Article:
• Inspector of Ancient Monuments Historic Scotland (1992-1999)
  • Manager, Centre for Field Archaeology, University of Edinburgh (1990-1992)

Professional Activities

  • Chair of AHRC Culture and Heritage Fellowships Panel (2011); Member of the AHRC Peer Review Panel (Postgraduate) for Classics, Ancient History and Archaeology (2007-8), and AHRC Peer Review Panels for Standard Research Grants (2009,2016), Collaborative Doctoral Awards (2010) and Fellowships (2011); Member of the AHRC Peer Review College (2007-present). Member of the International Assessment Board for the Government of Ireland Postgraduate Scholarship Scheme, 2009-2015
  • Fellow of the Society of Antiquaries of London (FSA) and Scotland (FSAScot)
  • Advisory and Review boards for E-Keltoi: Journal of Interdisciplinary Celtic Studies; Editorial board for the Journal of Conflict Archaeology and the Journal of the North Atlantic. Trustee/Board member for SCAPE (Scottish Coastal Archaeology & the Problem of Erosion)
  • External examiner for undergraduate programmes: University of Bradford (2000-4), University of Newcastle (2004-6) and external examiner for undergraduate and postgraduate programmes: University of Exeter (2009-2014)
  • Organiser of international conferences:
    • Neolithic Settlement in Ireland and Western Britain (2001)
    • Warfare and Violence in Prehistoric Europe (2005)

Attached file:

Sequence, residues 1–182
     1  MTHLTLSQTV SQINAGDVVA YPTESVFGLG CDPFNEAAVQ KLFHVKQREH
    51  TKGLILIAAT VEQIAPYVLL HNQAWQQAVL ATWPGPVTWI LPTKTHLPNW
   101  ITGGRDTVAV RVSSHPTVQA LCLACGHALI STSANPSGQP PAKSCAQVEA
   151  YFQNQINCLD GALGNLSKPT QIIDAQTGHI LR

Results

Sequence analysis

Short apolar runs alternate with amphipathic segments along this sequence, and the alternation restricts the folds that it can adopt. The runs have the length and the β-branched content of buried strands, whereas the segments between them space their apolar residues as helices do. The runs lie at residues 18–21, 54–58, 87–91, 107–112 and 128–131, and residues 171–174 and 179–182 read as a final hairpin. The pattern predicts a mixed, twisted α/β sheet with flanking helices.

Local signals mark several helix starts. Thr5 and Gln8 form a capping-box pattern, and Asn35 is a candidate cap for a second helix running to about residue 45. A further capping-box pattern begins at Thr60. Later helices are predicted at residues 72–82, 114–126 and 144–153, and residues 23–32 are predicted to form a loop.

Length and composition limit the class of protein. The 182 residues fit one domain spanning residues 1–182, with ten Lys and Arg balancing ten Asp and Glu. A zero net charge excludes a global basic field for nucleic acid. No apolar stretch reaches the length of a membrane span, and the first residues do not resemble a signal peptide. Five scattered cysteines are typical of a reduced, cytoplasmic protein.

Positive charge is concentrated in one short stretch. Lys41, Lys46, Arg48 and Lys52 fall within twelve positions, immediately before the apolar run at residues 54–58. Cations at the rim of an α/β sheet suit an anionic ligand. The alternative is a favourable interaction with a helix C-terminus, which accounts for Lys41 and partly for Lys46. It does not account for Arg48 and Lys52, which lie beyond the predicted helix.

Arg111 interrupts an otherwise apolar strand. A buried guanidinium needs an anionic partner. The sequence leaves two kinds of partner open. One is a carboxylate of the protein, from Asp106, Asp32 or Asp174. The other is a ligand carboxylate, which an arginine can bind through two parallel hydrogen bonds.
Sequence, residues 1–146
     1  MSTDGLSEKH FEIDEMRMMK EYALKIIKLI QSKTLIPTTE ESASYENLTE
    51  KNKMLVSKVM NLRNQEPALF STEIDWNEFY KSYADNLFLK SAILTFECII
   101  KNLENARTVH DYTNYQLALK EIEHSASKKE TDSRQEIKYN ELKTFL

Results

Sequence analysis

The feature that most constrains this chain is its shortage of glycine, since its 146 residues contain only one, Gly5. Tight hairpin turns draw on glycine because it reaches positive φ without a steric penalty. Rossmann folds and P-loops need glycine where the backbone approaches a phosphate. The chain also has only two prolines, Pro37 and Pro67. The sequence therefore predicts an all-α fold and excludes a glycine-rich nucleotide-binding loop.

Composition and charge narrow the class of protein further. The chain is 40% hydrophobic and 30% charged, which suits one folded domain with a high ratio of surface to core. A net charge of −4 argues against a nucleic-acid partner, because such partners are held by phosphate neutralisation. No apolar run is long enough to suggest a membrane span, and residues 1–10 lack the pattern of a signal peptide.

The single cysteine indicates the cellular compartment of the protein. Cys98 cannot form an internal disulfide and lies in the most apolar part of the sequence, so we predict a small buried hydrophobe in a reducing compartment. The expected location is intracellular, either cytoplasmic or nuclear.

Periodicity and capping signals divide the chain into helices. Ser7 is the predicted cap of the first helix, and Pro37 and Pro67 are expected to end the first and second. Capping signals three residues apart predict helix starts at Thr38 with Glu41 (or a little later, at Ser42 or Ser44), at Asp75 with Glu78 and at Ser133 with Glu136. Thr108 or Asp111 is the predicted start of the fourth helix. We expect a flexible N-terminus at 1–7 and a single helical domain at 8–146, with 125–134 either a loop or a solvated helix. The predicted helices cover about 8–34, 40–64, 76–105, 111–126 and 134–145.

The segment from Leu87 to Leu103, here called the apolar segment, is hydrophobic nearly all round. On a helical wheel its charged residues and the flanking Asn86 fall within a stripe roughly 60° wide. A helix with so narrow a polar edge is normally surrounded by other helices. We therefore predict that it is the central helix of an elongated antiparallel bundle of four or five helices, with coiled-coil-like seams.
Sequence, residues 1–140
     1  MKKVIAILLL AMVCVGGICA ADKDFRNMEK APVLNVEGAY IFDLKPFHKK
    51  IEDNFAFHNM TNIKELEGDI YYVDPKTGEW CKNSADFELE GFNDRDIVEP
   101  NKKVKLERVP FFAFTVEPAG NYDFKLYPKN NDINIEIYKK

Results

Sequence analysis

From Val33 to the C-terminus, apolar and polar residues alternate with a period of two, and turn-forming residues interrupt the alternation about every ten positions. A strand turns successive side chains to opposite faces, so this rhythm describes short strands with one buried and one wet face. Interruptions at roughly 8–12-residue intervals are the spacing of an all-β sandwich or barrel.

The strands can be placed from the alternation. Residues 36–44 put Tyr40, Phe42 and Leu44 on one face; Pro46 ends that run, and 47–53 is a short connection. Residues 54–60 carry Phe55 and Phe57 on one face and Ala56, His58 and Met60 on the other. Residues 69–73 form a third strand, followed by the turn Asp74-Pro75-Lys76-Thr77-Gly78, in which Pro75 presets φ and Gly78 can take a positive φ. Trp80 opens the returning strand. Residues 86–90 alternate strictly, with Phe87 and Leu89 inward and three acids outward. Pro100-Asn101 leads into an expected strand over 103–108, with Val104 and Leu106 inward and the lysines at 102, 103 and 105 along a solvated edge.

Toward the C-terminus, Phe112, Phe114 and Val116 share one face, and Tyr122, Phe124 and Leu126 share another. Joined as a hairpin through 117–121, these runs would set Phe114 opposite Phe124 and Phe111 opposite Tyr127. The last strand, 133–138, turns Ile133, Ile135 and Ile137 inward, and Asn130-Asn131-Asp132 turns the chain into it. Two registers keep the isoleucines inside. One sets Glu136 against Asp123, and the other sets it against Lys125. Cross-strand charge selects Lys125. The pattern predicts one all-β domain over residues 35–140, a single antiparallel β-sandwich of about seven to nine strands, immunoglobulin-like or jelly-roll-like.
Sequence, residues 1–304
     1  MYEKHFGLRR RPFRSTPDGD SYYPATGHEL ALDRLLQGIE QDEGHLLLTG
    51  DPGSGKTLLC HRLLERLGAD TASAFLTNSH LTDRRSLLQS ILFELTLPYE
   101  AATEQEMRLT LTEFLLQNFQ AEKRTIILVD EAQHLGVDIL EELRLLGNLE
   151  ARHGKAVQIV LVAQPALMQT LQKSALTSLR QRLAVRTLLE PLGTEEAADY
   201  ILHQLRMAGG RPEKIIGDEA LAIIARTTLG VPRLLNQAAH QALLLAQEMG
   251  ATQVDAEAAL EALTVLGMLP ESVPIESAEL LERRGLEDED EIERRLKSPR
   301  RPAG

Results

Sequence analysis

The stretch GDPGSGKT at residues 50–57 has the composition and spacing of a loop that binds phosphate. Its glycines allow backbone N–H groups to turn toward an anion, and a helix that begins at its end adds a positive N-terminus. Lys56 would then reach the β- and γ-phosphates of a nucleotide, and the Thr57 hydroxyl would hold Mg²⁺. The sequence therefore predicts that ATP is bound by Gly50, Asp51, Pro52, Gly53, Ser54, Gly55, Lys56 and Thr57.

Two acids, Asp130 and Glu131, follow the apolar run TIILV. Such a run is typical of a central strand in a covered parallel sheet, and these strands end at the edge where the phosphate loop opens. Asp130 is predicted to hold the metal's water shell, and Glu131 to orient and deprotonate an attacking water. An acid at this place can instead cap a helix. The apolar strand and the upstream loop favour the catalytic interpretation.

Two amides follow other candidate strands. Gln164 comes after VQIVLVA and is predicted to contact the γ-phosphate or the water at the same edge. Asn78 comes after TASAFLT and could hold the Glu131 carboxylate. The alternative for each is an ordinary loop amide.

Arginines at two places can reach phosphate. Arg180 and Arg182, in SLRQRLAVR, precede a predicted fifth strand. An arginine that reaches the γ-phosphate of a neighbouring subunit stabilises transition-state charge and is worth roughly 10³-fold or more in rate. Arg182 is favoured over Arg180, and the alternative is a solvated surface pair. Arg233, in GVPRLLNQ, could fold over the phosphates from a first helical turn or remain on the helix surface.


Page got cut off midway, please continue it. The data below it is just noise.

• Recent international conference presentations include:
    • Université de Provence (2006)
    • University of Aarhus (2007)
    • University of Ghent (2010)
    • University College Dublin (2000, 2001, 2005, 2008, 2009)
    • University of Porto (2012)
    • University of Bordeaux (2013)
    • University of Basel (2013)
    • University of Ljubljana (2015)
    • Archaeological Museum of Zagreb (2015)
    • European Association of Archaeologists conferences (several as session organiser) in St Petersburg (2003), Krakow (2006), Zadar (2007), Valletta (2008), Riva del Garda (2009), Oslo (2011), Helsinki (2012), Pilsen (2013), Istanbul (2014), Glasgow (2015) and Vilnius (2016)
    • Society of American Archaeologists conferences (including as session organiser) in Montreal (2004), San Juan (2006), Austin (2014), San Francisco (2015) and Orlando (2016)

Research Areas

  • Social archaeology of Iron Age Britain and Europe
  • Conflict and violence in prehistory

Current Projects

ENTRANS: Encounters and Transformations in Iron Age Europe (2013-2016)